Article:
Tuesday, June 2, 2009

Last Dragon, by J.M. McDermott

About three weeks ago I was perusing the new posts on Absolute Write when I stumbled across a thread that said the first fifteen people to email the poster would win a copy of J.M. McDermott's Last Dragon. Always a fan of contests, I quickly emailed the author. Five minutes later I discovered that someone else has "bumped" the thread (meaning they posted on an older, outdated thread) and the contest was now over.

Color me embarrassed, especially when the author -- Mr. McDermott, who I don't know -- emailed me back, also feeling embarrassed. We emailed a few times, and during the course of the conversation I told him how I don't have access to a bookstore or library, and he sent me a pdf of his book. A PDF! Just like that!


He told me I didn't have to write a review -- what if I didn't like it? Not to fear. While I've never read a fantasy novel (unless you count the Twilight series, which, for the sake of argument, we will not) I truly enjoyed Last Dragon.

Now, I don't consider myself much of a reviewer, so please bear with me.

Here's the blurb:

An intricate web of stories weave together to tell a tale of revenge, justice, ambition, and power. Zhan has been sent to find her grandfather, a man accused of killing not only Zhan's family, but every man, woman, and child in their village. What she finds is a shell of a man, and a web of deceit that will test the very foundations of a world she thought she understood.

A tale of revenge that grows into something more, Last Dragon is a literary fantasy novel in the tradition of Gene Wolfe and Gabriel Garcia Marquez. J.M. McDermott brings the fantasy genre to new literary heights with a remarkable first novel that will leave critics and readers alike in stunned awe.


Here's what I think:

McDermott's world feels familiar enough that me, a novice fantasy reader, didn't feel lost. Zahn's country, Alameda, seems a lot like Michigan or Canada, albeit more extreme. The traditions and beliefs of Zahn's people revolve around Alastair, their goddess, and Zahn must learn to follow people with differing beliefs if she wants their help.

Adel and Fest, the man and woman who help her find her grandfather, are from two vastly different parts of the world and each open Zahn's eyes to a part of humanity that she never knew existed. Namely, that of the dragon, the dragonslayers, and the paladins -- those who've vowed to give their lives defending the dragon. Throughout the story, Zahn encounters gypsies, fire-breathing shamans, steel-toothed mercenaries, and an army of second-born children whose lives are devoted to defending their country.

The story itself is written as a series of letters from Zahn to Esumi. The sequence of events jumps around a lot, and I read a couple reviews that criticized this structure, but I think McDermott handles the technique wonderfully. I admit I did re-read a couple times, but it didn't take long for me to fall into the rhythm of his storytelling. The details unfold in such a way that even when he jumps ahead, you know the nugget that explains what's going on is just ahead, waiting for you to uncover it.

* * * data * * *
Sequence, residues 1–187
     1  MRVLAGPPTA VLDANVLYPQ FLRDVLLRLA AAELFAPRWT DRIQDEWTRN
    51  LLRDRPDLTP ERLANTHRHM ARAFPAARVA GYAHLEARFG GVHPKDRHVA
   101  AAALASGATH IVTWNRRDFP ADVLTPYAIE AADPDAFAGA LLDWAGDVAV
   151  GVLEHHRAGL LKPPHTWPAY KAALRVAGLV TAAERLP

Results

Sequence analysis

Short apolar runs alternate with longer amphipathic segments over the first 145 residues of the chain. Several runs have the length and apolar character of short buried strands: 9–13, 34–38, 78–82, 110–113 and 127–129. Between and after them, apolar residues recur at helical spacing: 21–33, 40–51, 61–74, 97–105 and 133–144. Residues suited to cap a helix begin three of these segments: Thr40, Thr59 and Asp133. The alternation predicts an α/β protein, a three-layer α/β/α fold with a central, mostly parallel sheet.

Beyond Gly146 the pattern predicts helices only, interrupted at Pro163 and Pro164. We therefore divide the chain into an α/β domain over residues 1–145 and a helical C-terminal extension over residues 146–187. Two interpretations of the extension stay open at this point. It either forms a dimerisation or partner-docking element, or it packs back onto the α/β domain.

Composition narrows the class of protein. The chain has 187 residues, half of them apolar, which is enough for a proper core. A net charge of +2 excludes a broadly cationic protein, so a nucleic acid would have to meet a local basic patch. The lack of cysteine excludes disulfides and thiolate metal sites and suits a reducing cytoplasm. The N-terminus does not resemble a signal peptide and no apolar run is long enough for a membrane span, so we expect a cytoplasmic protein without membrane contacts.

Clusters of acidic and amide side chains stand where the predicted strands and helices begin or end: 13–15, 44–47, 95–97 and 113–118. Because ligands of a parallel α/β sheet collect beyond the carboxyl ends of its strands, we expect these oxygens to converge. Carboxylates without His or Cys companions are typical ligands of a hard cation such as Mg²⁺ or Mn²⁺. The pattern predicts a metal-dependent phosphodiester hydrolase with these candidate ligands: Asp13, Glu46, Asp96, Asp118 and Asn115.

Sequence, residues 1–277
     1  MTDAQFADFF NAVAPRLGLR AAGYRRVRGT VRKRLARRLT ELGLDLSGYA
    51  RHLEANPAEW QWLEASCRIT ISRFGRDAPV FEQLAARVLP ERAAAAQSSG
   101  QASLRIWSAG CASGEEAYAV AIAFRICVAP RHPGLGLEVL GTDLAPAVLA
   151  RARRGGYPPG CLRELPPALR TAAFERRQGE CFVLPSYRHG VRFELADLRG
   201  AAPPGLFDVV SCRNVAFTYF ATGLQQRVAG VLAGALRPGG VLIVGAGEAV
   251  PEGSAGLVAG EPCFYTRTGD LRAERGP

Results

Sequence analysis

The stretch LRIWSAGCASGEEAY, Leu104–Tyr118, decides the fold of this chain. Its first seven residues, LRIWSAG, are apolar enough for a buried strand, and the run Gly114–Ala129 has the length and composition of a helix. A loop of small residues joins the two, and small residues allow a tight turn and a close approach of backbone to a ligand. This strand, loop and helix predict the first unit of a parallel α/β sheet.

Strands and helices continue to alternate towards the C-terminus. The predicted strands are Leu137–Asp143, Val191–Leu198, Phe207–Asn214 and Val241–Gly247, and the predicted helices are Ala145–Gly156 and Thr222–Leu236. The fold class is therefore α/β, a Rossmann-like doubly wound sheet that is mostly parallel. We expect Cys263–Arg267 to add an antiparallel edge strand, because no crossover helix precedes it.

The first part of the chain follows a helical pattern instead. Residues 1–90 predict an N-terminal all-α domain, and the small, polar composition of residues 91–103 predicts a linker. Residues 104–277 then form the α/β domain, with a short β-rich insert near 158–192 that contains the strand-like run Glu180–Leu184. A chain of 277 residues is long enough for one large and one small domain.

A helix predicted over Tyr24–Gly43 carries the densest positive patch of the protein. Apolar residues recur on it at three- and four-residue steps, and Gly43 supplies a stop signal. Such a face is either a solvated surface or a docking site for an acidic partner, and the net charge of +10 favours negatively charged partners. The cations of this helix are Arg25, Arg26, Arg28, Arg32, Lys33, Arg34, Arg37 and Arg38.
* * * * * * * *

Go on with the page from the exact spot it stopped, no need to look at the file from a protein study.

As a writer, I can't imagine how intricate the outline must have been for this novel. World-building is something I've never spent much time considering, but McDermott clearly knows what he's doing.



I'm sorry if this review is all over the place, but these were the things that most struck me. If you've never read fantasy, this is a good book to test the waters with, and if you're already a fan, go out and add this to your collection!

And in an effort to prevent future dilemmas like mine, an ebook will be available next week here.

14 comments:

Pink Ink said...

Cool for you! And what a cover. Those "things" on his neck...

Turkey Lurkey said...

Wow, that seems like a very good book to pick up. Thanks for sharing this.

Melanie Avila said...

Pink, I know... creepy, right?

Melanie Avila said...

Turkey, I can't believe I forgot to mention -- there's a golem, too!

Nadine said...

Sounds like a great book! And a great author for sending you the PDF!!

EriCan said...

That's a great way to get a book! I agree the cover is graphic, but cool. Sounds like an interesting story!


Oh this is emc07- I changed my profile name:)

Melanie Avila said...

Nadine, I know! I was surprised by his offer, and I thought it was very generous of him. But -- it's a great way to get a new fan. :)

Melanie Avila said...

Hey Erica, I guessed that was you. :P

It was weird, since I read it on my computer I didn't have the cover to look at, which is something I do a lot when I'm reading a book. I don't know if this electronic thing is for me...

Travis Erwin said...

Cool. I think my wife would love this one.

Robin said...

That's a great story! I like the way you ended up getting the book. I happen to love fantasy, so I'm going to Kindle it ASAP because of your review. See how influential you are?

Melanie Avila said...

Travis, great!

Melanie Avila said...

Robin, you're the best! Be sure to let me know what you think. :)

EriCan said...

Yeah. I like to look at the covers too. I'm not too keen on reading on a computer, since I have to do that all day at work. However, if it was a good enough book; it wouldn't matter :)

Melanie Avila said...

Erica, it took me twice as long as normal to read this because it was on the computer. I hate sitting here longer than I have to.